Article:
4. SewerRatz

    SewerRatz Illinois Licensed Plumber

    Messages:
    1,705
    Location:
    Chicago, IL
    Last continued education class I was in I heard the instructor talking about a new standard in pressure and temperature balancing valves. It uses a wax that reacts to temperature and pressure fluctuations and it reacts instantly. Unlike the old bi-metal temperature balancing, and the old slug type pressure balancing valves. I was wondering if these new valves are the ones they are having issues with and if anyone here has come across this new style valve.
  5. jadnashua

    jadnashua Retired Defense Industry Engineer xxx

    Messages:
    22,348
    Location:
    New England
    The Grohe valve I have uses that technology.

    With a tankless system, to ensure they get a temperature rise, they use a restrictor. This may or may not slow your flow until you reach the limit. The better ones also modulate the burner to accomodate both volume and temperature variations. If you exceed the available heat requirements, the output will both hit a wall with the pressure and the temperature will drop. Many valves have some troubles with both of those asymettrically changing.

    Each brand has different requirements for what is necessary (or even recommended) for recirculation with a tankless system. If you don't go with a demand system that you turn on only before you want hot water, and need it instantly all the time, then you need something to buffer some hot water so the tankless systems aren't running constantly, so that adds to the cost with a tank and the extra plumbing.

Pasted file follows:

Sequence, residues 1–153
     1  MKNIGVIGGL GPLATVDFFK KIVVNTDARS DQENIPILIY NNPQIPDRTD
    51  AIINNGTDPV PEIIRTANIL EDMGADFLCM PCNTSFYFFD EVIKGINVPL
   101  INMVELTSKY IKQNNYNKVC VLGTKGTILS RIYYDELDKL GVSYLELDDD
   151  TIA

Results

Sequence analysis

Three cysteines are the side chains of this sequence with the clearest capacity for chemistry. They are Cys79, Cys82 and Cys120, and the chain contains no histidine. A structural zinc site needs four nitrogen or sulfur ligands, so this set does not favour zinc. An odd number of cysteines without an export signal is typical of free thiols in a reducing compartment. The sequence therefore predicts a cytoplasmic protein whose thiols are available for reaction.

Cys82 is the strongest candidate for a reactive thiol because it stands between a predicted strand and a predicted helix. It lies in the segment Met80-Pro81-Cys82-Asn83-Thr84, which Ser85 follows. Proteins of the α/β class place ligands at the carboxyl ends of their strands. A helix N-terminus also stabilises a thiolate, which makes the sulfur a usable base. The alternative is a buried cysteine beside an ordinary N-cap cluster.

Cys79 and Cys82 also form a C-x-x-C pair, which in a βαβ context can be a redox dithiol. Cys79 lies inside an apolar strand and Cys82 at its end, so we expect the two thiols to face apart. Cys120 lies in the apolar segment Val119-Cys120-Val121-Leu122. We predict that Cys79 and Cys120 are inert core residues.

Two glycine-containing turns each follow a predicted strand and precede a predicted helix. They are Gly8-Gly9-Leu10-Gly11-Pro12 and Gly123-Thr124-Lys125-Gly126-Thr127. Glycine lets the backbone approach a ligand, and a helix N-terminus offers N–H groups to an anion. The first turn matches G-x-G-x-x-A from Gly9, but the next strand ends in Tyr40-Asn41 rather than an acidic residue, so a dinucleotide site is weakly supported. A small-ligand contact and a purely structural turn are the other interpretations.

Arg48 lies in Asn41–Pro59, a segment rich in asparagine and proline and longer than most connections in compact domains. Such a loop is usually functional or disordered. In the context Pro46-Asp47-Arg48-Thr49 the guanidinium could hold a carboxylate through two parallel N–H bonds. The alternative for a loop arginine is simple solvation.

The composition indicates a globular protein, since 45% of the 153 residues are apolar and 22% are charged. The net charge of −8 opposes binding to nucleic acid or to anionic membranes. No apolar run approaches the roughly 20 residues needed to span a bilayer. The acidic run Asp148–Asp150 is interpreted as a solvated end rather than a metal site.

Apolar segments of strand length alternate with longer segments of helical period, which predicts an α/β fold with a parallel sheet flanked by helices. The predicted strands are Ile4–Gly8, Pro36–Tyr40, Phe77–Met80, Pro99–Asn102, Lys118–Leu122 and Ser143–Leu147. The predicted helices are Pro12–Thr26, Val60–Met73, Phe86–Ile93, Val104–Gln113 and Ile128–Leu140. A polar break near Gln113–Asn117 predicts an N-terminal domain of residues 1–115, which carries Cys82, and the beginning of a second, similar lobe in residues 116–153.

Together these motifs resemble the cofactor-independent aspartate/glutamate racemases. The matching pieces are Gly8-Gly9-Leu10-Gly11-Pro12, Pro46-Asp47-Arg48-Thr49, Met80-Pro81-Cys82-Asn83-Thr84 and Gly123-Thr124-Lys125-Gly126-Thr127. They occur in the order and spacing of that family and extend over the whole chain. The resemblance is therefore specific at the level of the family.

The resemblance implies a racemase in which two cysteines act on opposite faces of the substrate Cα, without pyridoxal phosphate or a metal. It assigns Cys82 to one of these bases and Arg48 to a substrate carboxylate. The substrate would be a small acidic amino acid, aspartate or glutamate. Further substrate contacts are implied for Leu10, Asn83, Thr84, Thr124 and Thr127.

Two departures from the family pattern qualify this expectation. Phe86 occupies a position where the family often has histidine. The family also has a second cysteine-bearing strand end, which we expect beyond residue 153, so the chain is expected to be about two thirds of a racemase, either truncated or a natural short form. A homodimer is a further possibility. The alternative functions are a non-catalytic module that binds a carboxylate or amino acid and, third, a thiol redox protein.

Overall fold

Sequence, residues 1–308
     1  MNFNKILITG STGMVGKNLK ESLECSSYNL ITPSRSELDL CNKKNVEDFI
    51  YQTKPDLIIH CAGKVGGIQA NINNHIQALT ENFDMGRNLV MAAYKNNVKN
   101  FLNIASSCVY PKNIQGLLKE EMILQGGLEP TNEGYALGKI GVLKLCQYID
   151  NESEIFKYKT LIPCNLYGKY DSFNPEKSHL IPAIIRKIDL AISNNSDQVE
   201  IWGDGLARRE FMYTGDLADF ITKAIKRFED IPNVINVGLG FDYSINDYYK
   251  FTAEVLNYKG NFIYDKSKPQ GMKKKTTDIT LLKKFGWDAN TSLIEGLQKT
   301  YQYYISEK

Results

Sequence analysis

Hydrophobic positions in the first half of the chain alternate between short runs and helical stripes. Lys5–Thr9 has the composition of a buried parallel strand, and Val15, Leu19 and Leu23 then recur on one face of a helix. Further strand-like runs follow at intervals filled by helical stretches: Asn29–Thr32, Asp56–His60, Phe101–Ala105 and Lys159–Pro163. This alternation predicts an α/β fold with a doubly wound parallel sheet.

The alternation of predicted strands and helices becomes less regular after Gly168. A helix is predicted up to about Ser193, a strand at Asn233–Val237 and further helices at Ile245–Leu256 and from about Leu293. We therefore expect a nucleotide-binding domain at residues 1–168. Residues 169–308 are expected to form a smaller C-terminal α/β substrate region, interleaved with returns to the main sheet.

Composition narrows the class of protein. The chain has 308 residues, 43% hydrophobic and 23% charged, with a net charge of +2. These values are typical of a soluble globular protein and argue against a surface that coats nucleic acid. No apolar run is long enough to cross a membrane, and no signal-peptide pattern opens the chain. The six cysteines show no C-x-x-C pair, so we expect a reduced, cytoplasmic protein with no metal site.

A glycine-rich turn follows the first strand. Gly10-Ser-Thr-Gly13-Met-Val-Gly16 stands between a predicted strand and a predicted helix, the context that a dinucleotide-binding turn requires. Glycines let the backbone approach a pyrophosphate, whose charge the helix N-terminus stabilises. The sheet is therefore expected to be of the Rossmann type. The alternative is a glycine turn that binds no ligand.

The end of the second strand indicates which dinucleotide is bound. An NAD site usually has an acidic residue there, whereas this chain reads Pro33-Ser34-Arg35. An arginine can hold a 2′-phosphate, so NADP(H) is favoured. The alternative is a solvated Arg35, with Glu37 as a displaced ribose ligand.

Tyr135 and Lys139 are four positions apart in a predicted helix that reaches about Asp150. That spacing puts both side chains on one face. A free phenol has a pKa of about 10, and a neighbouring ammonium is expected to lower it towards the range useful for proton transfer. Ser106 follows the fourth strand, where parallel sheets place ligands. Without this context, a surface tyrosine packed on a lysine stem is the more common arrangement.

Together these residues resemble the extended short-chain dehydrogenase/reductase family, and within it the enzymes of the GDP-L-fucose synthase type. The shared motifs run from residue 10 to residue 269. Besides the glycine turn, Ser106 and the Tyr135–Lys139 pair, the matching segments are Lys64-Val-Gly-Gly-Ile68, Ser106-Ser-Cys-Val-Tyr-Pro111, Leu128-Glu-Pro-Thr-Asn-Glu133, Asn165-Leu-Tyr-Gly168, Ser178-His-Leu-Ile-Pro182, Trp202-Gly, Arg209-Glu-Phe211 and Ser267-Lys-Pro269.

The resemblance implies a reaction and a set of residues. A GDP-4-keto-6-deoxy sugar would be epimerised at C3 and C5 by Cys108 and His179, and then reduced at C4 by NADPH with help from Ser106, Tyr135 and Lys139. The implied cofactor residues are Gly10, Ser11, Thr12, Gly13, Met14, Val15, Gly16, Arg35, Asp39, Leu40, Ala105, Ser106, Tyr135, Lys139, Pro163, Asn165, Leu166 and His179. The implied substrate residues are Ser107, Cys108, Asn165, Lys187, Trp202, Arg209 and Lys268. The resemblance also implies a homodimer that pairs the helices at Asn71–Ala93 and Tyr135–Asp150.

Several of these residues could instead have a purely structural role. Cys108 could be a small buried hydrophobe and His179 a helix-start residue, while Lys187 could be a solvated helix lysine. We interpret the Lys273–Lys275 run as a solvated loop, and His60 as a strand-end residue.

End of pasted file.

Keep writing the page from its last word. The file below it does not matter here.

Not sure what I'd do (other than I probably wouldn't have one in the first place!).
  6. sjsmithjr

    sjsmithjr Geologist

    Messages:
    295
    Location:
    Knoxville, Tennessee
    I may be looking at this wrong, but if I understand your criteria correctly, you may want to consider keeping the hot water system to the master shower independent from the rest of the house. The rest of the house sounds pretty straight forward and you could benefit from a simple, inexpensive, easy to maintain and service, straight forward solution to that part of the house.

    That would free you and your plumbing contractor up to focus on how to provide a steady supply of hot water at a constant temperature to the equivalent of 4 simultaneous showers for the anticipated time of use.
  7. chris8796

    chris8796 New Member